Has any studio had a run as successful and as glorious as Pixar's? Certainly not during most of our lifetimes. Starting with 1995's Toy Story and running through the past two summers' instant classics, Ratatouille and WALL-E, Pixar's filmography reads like a list of modern masterpieces: Toy Story 2, Finding Nemo, The Incredibles. Even the animation studio's lesser movies — like A Bug's Life and Cars — deliver more heart, joys and laughs than most CGI talking-animal/-vehicle/-whatever flicks.
You can add this year's Up to that esteemed list. In fact, you can move it to the top. Pixar's 10th film ranks as one of its best. Along with The Incredibles, it's undoubtedly the studio's most human movie.
Up is an eyes-wide-open fantasy about Carl Fredricksen (voiced by the always-cranky Edward Asner), whose lifelong dream of being a globe-trotting adventurer has been halted every step of the way. He marries his childhood best friend, a girl who shares his dreams and quest for adventure. Over the years, they live and love and try to scrape up enough cash to visit Paradise Falls, a mythical wilderness in South America.
After his wife dies, Carl — now an old man with a bad back and an even worse temperament — spends his days in his ramshackle house, which stands in the middle of a construction site (Carl refuses to sell, even as high-rises go up around him). After he assaults a worker on his property, the court orders him to a retirement community.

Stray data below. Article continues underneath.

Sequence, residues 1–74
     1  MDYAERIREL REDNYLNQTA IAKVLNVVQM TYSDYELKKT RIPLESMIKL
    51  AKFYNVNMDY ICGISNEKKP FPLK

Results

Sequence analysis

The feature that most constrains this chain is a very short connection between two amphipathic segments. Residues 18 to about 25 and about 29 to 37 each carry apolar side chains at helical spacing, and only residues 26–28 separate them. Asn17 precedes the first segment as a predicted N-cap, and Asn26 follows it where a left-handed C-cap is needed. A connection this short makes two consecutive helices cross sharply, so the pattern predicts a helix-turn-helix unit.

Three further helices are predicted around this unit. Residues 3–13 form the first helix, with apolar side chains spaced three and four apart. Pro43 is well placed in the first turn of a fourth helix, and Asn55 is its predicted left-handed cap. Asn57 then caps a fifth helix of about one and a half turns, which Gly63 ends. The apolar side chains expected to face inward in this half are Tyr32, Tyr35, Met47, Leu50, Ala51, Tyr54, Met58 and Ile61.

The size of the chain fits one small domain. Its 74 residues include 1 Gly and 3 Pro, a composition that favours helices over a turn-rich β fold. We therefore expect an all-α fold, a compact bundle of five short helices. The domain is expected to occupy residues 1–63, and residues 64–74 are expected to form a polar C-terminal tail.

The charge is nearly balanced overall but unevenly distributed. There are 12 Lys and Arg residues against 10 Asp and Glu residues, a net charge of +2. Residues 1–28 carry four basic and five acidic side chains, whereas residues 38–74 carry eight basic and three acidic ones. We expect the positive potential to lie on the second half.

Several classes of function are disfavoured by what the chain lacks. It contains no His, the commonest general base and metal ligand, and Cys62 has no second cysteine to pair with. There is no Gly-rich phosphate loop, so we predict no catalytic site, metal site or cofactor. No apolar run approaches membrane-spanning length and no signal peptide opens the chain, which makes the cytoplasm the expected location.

So Carl hatches a plan to escape to Paradise Falls by attaching hundreds of balloons to his house. Surprisingly, it works, and he sets sail serenely above the city streets. All goes well until he hears a knock at the door and finds Russell, an overweight and chatty Wilderness Explorer (it's like a Boy Scout) who needs one more badge — "assist an old person" — to advance to the next level. A brutal storm steers Carl and Russell miraculously in the middle of Paradise Falls' outlining forest. And then Carl's real adventure begins.
Unlike the meditative WALL-E, Up is filled with thrilling action scenes and colorful set pieces. Like WALL-E, it's a stunning visual work with an eco-friendly message.
It's also Pixar's most adult film (and its second to receive a PG rating): Carl's wife has a miscarriage, he draws blood after whacking someone on the head and the villain is ruthless in his pursuit of a rare bird. Plus, there's a tearjerking moment that ranks right up there with Toy Story 2's "Jessie's Song." Most of all, Up is a liberating and breathtaking work, filled with an appropriate sense of adventure.